The last and largest wetland is the Kline, the most successful in the opinion of James Ray, who directs the DNR program that assisted the last two projects, as chief of land and water conservation in the DNR's Division of Soil Conservation.
Funded by a $5 boat fee, the program, now called Lake and River Enhancement, provided $11,411 for design of the Kline project with the rest of the $145,831 coming from donations.
The Kline diverted water from an artificial channel at the southeast end of the lake, restoring part of the area noted in the turn-of-the-century study at the Norris Inlet.
Aquatic plants and water-tolerant trees have become well established along the levees of Kline wetland.
Natural beauty in wetlands is only enhanced by the bright blue skies and vibrant shades of green of a sunny summer day (right).
Nesting boxes provide ready-made shelter for birds at Kline Wetlands (right).
A later DNR grant provided $28,272 of the $40,095 cost for driving sheet piling to keep muskrats from burrowing through the levee. In the first two wetlands, native wetland plants were introduced; in the Kline, returning water brought back natural wetlands vegetation.
Each project met problems. Horses were able to enter the Wilson Wetland, destroying the vegetation. After they were fenced out, newly planted vegetation washed out or was eaten by Canada geese. Recently, geese have been kept out with plastic netting, and plants have been set in coconut-fiber "Bogmat."
The environmental council and the Baxters, owners of the land on which the Curtiss was built, have not always agreed on goals and their implementation. Of concern for the Baxters was a growth of underwater plants that limited open water for canoeing and fishing, but which the LMEC felt was performing the job of filtering nutrients. During 1999, the Baxters introduced triploid (sterile) grass carp to curb what they describe as a smelly brown mass in the water and scum on the surface.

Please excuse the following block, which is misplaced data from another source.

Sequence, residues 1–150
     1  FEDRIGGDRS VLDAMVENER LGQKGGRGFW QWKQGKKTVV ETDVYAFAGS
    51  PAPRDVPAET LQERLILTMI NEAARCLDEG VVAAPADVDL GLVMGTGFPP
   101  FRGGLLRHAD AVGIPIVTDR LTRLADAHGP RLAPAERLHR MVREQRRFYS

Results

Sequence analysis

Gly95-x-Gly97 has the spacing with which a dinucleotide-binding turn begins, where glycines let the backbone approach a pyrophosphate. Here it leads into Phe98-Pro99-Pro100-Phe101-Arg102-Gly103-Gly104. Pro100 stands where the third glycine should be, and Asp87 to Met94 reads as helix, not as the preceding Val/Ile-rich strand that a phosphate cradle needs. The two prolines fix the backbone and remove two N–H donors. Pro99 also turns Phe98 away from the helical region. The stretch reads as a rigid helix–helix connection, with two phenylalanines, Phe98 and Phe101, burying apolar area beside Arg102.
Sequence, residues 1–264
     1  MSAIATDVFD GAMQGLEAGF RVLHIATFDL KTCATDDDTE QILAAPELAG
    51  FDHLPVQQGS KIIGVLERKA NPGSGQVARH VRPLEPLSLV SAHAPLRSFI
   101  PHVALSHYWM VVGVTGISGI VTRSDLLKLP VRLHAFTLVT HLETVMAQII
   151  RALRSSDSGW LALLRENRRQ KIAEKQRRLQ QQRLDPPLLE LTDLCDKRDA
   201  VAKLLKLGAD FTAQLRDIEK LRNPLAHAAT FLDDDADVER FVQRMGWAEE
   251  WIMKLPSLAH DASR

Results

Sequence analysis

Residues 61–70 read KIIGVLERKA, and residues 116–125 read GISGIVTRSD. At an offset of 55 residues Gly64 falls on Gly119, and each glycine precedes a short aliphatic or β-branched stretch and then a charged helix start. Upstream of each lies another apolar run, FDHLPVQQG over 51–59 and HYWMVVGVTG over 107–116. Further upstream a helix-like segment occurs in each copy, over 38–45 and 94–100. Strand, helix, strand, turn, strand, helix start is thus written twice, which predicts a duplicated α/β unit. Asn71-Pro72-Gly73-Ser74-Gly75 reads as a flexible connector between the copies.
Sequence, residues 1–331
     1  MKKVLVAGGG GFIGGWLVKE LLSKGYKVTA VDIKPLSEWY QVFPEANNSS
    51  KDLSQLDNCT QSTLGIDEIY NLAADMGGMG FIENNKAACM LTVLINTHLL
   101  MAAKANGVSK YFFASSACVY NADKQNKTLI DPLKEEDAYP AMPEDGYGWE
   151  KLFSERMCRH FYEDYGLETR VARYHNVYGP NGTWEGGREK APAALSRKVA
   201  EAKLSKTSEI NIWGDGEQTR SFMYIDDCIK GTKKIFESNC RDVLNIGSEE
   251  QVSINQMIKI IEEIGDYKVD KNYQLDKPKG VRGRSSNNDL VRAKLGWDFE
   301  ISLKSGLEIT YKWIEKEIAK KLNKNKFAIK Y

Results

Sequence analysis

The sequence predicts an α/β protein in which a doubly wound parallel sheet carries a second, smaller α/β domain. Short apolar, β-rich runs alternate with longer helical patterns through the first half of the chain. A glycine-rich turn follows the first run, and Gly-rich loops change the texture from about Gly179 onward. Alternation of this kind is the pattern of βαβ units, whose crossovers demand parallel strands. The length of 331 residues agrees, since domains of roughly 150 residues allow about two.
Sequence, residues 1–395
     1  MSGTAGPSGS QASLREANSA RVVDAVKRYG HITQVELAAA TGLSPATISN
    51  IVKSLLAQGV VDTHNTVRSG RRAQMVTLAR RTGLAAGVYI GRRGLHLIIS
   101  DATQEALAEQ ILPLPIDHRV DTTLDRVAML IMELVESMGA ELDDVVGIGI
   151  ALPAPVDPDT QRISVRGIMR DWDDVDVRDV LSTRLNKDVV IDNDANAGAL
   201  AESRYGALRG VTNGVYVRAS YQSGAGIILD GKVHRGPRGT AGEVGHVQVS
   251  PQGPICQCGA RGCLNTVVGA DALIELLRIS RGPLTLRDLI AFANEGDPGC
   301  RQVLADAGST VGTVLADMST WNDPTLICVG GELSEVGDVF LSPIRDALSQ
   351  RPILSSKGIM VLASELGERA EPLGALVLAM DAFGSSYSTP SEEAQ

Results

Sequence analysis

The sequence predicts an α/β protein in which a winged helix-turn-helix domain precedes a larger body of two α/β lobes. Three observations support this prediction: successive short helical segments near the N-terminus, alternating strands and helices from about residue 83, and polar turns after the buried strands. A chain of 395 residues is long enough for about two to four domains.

A ditch that was dug about 1967 at the Kline site was similar to a ditch that had been dug nearby a couple of years before to create Venetian Village, a housing development on the South Shore. Earlier channeling also exists to the north at Culver Marina.
The 76-acre Kline site was sold to the DNR, becoming the Maxinkuckee Wetland Conservation Area.
A fly finds a suitable perch on the flower of the blue fig, a native iris, at the eastern side of Kline wetland (left).
A dragonfly guards against intruders to its territory at the Wilson wetland (right).
Not far from the watchful eye of its mother, a fawn emerges from cover to explore the restored wetlands at Culver Acadamies' Wilson wetland.
At first, the design level of water killed cattails and other vegetation; the water was later lowered by 6 inches, and the plants started to come back.
However, vandals stuffed objects into the outlet pipe and placed rocks on the spillway in an effort to raise the water level. Tina Hissong, executive director of the Lake Maxinkuckee Environmental Council, noted that higher water might improve duck hunting, while diminishing the effectiveness of the wetland for nonpoint source pollution control.